All in Favor of Polls?

Terry Schwadron
4 min readJul 18, 2017


Terry H. Schwadron

July 18, 2017

To a certain extent, we all have somewhat soured on polls about politics. Without regard to where one is one the political spectrum, comparative numbers in these numbers are reinterpreted so often and so heavily in the spin that they have little real meaning. It’s way to easy to see minimal sampling among people with landline phones may not properly reflect the “science” of randomness.

Except, of course.

So long as no one is deciding how unpredictable voters will react, polls may tell us something about continuing situations.

Unfortunately, those of us who are not political professionals tend to read in our own biases when looking over these results. After all, if we could really trust these kind of “random” surveys, we would have anticipated Donald Trump’s election. Still it is hard to misread continuing downward movements of approval of the president’s performance in office.

What I find most interesting about a set of four new national polls about presidential performance and approval/disapproval are the steady, almost-unmoving healthy minority of public support for Donald Trump’s performance in office, even as overall numbers for his performance continue to decline, and the insistence by many that there is no Russia issue. Instead, it would seem, the Trump argument that all-things-Russia is a creature only of Washington political circles may be more true than we would like to believe.

Overall, various polls about presidential performance continue to show that Donald Trump is found somewhat wanting. The best polls from the counties where Trump won show him barely finding support among almost half the voters where he once had overwhelming support. Obviously, Democratic and independent areas show much lower performance numbers, as they have since January.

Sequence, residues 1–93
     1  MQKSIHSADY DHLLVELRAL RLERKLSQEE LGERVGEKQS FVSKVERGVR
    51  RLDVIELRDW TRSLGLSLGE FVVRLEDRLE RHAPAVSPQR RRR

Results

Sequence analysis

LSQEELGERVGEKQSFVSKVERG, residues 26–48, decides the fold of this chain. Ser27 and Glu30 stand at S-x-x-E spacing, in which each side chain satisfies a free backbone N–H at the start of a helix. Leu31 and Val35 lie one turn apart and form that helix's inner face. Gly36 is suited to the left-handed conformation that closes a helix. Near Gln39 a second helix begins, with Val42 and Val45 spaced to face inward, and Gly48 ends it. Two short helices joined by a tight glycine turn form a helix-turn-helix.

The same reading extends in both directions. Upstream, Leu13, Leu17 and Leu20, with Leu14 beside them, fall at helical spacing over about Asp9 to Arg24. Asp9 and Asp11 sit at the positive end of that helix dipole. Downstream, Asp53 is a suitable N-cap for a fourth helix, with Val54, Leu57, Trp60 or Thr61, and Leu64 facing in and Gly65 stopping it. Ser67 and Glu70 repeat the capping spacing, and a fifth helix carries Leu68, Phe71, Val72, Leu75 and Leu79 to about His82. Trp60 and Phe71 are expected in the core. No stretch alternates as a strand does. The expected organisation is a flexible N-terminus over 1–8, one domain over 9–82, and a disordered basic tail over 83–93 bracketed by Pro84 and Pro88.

But whether the approval number this week is 36% approval or 42% is hardly the point. Lots of Americans say they do not trust this president in a number of questions, but more than one-third of the electorate is hanging in with him despite insulting tweets, health care policies that may adversely affect themselves, lack of legislative achievement and at least questionable actions in his transactional approach to foreign affairs.

I’m troubled by all of it, of course. We have a president who wants to be leader for that one-third of the electorate and who overlooks fact, research, collection of real data, and compromise in search of broader coalitions “to make America great.” The White House has made clear that it will decide by fiat whether the climate is heating up, whether there is significant statistical support to associate immigration and crime or terrorist incidents and immigration rules, and, of course, whether there was any meddling in U.S. elections by Russia. And one-third of Americans seem to think that is perfectly okay.

Thus, per a Washington Post/ABC News poll, almost 40% of respondents in recent polls think that the Trump campaign worked with Russia to influence the outcome of the election, though 60% think Russia tried to interfere. Some 44% are willing to say that Trump’s campaign benefitted from any Russian interference.

The responses to these and related questions about Russia split on political lines. If the caller described himself or herself as a Trump supporter, responses about the “appropriateness” of Donald Trump Jr. meeting with Russians to get political dirt on Hillary Clinton went up. The Post noted that “responses to the question correlate strongly to how people feel Trump is doing as president,” adding that “there’s a correlation between views of Trump and views of Russian meddling.” If you believe Trump is doing a good job as president, that is, you’re more likely to believe Russia didn’t try to influence the election either. Additionally, voters don’t tend to waver once they’ve made up their mind about Trump’s possible collusion with Russia. “[H]ow you felt about Trump and Russia in April is pretty much how you feel about it now,” the Post said.

It may not be a surprise, but it is disappointing. I oppose most of what Mr. Trump proposes, but I am hopeful that he will be successful in a variety of ways — containment of nuclear weapons in North Korea, for example, or bringing more American manufacturers back to the United States.

The polls also showed that overall, people would advise the President to stop tweeting, clearly a futile effort.

The results were similar in NBC News/Wall Street Journal polling, which developed a survey in 439 counties in 16 states including Colorado, Florida, Georgia, Indiana, Iowa, Maine, Michigan, Minnesota, Missouri, Nevada, New Hampshire, North Carolina, Ohio, Pennsylvania, Virginia and Wisconsin which either changed from supporting Barack Obama to Trump, or where Trump greatly outpaced Mitt Romney’s performance in 2012.

It should be noted that these polls come before adoption of any health care bill that will certainly roll back benefits for many who identify as Trump supporters.

I would advise that we all support the use of actual fact in our arguments. In the case of Russia, the “facts” will be what the FBI and Robert Mueller III come up with more than all of the punditry.